In eukaryotes the first step in initiation is the attachment of the mRNA to the small ribosomal subunit by binding the 5′ cap. This is a complex process involving many initiation factors and is a logical point for regulation to occur. In fact this is the case, the activity of cap-binding initiation factor 4E being regulated by the phosphorylation of a protein that binds to it. In contrast, it is difficult to see how the ‘goodness’ of the subsequently encountered environment of the first AUG could have a regulatory effect — either the ribosome stops and the met-tRNA it is carrying at this stage interacts with the initiation codon, or it continues to the next.

And, of course, it is incorrect to suppose that in the scanning model a mechanism exists for ribosomes to reject the first AUG in an otherwise satisfactory environment because the environment of a subsequent one is better. All that might happen is that a portion of the ribosomes skip the first AUG in a marginal environment and initiate at a subsequent one, producing an alternative protein — a different sort of regulation.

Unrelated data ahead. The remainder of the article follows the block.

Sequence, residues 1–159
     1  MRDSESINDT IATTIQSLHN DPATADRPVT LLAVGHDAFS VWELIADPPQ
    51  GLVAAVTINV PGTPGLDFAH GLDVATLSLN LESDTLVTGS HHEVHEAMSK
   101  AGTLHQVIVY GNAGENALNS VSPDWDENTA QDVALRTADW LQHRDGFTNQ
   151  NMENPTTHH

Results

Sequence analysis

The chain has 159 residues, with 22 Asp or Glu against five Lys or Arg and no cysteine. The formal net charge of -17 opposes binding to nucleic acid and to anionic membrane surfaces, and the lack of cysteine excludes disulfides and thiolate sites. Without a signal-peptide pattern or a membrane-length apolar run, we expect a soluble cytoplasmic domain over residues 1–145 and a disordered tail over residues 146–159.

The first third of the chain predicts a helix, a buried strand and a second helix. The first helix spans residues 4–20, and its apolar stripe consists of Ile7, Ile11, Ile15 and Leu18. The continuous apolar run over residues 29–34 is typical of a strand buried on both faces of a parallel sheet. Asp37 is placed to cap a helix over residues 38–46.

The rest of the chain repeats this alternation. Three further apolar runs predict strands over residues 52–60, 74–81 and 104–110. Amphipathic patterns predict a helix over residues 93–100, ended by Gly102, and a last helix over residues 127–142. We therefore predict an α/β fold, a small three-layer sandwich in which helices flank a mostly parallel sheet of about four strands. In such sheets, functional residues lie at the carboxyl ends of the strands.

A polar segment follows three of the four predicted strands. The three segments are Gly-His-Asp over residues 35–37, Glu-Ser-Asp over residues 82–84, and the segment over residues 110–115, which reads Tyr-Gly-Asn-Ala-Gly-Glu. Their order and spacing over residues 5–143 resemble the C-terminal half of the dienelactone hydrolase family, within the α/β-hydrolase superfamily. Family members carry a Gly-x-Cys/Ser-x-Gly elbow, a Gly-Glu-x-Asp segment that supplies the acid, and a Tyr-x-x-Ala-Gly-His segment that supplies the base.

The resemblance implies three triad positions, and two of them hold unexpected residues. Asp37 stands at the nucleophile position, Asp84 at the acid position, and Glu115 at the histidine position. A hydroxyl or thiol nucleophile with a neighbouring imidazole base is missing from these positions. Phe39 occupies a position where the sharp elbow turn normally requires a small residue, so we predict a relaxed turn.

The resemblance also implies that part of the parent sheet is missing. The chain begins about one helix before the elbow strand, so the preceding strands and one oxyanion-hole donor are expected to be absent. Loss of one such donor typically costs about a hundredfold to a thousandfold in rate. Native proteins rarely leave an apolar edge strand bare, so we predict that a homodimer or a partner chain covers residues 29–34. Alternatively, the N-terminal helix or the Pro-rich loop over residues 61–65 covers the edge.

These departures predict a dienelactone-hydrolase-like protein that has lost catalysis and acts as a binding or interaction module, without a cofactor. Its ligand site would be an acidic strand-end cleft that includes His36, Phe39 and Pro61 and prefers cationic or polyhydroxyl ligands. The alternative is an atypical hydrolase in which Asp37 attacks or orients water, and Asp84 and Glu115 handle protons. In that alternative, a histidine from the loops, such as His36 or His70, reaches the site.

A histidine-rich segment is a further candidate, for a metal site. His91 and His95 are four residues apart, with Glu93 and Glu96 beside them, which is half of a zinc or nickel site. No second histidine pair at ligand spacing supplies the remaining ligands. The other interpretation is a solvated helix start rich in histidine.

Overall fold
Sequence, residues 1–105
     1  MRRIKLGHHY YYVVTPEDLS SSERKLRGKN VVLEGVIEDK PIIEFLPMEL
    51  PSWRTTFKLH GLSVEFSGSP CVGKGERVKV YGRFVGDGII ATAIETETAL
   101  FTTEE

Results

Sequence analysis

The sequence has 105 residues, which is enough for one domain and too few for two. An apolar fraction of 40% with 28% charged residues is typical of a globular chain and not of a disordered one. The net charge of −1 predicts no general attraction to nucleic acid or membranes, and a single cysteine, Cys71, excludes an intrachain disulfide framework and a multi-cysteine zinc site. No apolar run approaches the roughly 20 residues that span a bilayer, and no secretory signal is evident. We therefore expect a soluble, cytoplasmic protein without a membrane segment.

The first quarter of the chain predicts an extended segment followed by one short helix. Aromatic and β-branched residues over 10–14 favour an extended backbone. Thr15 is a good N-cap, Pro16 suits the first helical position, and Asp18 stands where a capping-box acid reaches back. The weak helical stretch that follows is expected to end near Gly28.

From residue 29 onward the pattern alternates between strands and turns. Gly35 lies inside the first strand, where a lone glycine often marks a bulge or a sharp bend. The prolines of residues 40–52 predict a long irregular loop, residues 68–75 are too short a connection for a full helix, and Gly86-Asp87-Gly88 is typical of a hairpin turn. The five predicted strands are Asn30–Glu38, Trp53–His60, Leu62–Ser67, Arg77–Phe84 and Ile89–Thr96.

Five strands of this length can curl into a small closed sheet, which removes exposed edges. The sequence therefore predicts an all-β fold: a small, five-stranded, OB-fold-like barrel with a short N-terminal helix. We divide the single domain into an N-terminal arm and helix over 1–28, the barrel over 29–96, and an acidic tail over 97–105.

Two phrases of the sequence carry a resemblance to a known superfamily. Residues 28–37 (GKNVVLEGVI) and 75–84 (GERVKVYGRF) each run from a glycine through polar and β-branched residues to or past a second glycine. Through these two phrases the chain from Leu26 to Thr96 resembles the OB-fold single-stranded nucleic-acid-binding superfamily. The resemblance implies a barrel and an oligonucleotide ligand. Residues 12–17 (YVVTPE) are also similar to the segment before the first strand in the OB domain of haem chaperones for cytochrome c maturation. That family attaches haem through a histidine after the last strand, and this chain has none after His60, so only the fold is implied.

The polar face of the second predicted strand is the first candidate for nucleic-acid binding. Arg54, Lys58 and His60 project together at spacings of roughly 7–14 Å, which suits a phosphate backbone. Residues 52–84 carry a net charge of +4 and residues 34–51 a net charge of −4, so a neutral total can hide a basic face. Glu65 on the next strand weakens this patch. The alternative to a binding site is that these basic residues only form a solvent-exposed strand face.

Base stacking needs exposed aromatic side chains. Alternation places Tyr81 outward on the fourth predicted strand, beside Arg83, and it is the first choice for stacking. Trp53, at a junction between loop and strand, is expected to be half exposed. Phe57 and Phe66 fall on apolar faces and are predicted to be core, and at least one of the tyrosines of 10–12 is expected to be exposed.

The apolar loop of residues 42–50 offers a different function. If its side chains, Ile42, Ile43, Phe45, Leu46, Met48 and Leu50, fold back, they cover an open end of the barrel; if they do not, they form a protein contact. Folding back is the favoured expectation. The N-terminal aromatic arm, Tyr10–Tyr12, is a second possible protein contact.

§This sequence is absent from the eukaryotic 18SrRNA subunit, so the Kozak consensus sequence is in no way analogous to the Shine-Dalgarno sequence. The mode of action of the Kozak sequence is, as far as I am aware unknown.

†It is recognized that other factors can regulate initiation. The tertiary structure of the mRNA can affect access of ribosomes to Shine–Dalgarno sequences in polycistronic prokaryotic mRNAs, and the phosphorylation of eIF2 (the initiation tRNA binding factor) can also regulate initiation of eukaryotic translation at a stage later than 40S ribosome binding.